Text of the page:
There’s a daily tug of war between long-term brand building and short-term sales goals – brands must be relevant, useful and entertaining.
Here’s a truth: Many in the marketing industry today don’t really understand brands. Today, when there’s more of everything – more channels, more choice, more speed, more confusion – it’s fair to ask: What is a brand?
“Consumers have quickly become accustomed to dictating media culture.”
To answer this question, we have to think about what has changed during the last decade.
The emergence of the iPhone and smart technology completely altered the way consumers interact with media and brands. “Digital” and “social” have become inseparable from everyday life. People are consuming media and content as well as curating and creating it.
Consumers have quickly become accustomed to the opportunity to interact and dictate media culture.
The conversation now runs two ways. If companies can get their data-driven content and platforms right, you can turn people into media – willing to spontaneously spread your brand’s gospel far and wide.
Provide them with a platform to participate in your products and services, and then you have the chance to embed people directly into the narrative or fabric of your brand.
As a response to these shifting expectations and behaviors, brands had to hand over a certain amount of agency to consumers. Rather than the push of establishing symbolism and telling stories to consumers, brands have had to invite and pull consumers in to help craft their meaning.
In short, brands began evolving from stories to systems.
Playing equal roles
In a system, the brand and the consumer play equal roles in influencing the brand. Its definition encompasses the interdependent, reciprocal nature of the modern relationship between brands and people.
The currency of this reciprocal nature is data – flows of information between the brand and the user that aim to strengthen their relationship and deliver mutual benefits to both parties.
In today’s “system” era, a brand’s meaning stems not just from how a company positions the brand but also from how consumers experience it. In other words, the brand becomes the customer experience and the customer experience becomes the brand.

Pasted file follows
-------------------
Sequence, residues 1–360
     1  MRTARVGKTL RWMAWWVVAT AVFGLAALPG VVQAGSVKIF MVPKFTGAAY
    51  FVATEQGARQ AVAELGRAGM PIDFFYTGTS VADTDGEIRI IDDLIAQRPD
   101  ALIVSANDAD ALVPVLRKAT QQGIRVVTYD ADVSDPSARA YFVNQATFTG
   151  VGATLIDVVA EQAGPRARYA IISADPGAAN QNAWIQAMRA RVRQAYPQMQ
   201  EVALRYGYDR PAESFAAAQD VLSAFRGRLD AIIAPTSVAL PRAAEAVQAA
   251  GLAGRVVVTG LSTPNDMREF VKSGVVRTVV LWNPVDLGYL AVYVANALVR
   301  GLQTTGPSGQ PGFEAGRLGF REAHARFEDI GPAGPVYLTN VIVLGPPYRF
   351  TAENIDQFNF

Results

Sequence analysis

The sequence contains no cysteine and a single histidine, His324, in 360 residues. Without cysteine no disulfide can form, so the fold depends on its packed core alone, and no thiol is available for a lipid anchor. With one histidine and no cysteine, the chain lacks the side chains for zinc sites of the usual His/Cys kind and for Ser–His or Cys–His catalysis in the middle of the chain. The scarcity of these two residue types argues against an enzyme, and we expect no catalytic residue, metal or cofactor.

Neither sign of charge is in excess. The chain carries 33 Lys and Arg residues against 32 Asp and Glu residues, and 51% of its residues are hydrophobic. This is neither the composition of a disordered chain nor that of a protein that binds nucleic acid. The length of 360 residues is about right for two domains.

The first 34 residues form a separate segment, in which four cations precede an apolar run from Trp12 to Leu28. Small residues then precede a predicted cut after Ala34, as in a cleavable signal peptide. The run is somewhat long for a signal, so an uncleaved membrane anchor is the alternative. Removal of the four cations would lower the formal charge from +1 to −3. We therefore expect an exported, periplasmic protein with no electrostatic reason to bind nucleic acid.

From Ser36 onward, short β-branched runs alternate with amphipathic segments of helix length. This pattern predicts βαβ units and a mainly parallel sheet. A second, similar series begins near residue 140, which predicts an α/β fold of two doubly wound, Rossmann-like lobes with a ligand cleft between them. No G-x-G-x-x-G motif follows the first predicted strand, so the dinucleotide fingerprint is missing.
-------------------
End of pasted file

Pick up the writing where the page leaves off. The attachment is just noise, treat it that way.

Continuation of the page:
“The brand becomes the customer experience and the customer experience becomes the brand.”
As customers demand more from businesses, brands must strive to be strategic and clear about what they stand for and why – their organizing principle. But at the same time, as platforms and consumer behaviors shift like sand in a windstorm, companies must be adaptive in how they achieve such aspirations.
Think like the driver
Marketers must think of themselves as the driver of a car. Head out with a destination in mind, but be ready to slow down in treacherous conditions, stop to fuel up or swerve to avoid an accident.
There’s a daily tug of war between long-term brand building and short-term sales goals. A systemic view of the brand means getting those goals to work together in harmony by keeping our eyes on the prize but being flexible in the short term.
Now that change has become the new normal, brands have to evolve from the power of symbolism and the power of narration to the power of reciprocity.
As brands morph from symbols and stories to systems, they need to find new ways to be relevant, useful and entertaining.
They need to create hospitable ecosystems and build upon ideas that welcome and nurture consumer relationships now and in the future.
This article originally appeared on Harvard Business Review and was republished with permission.
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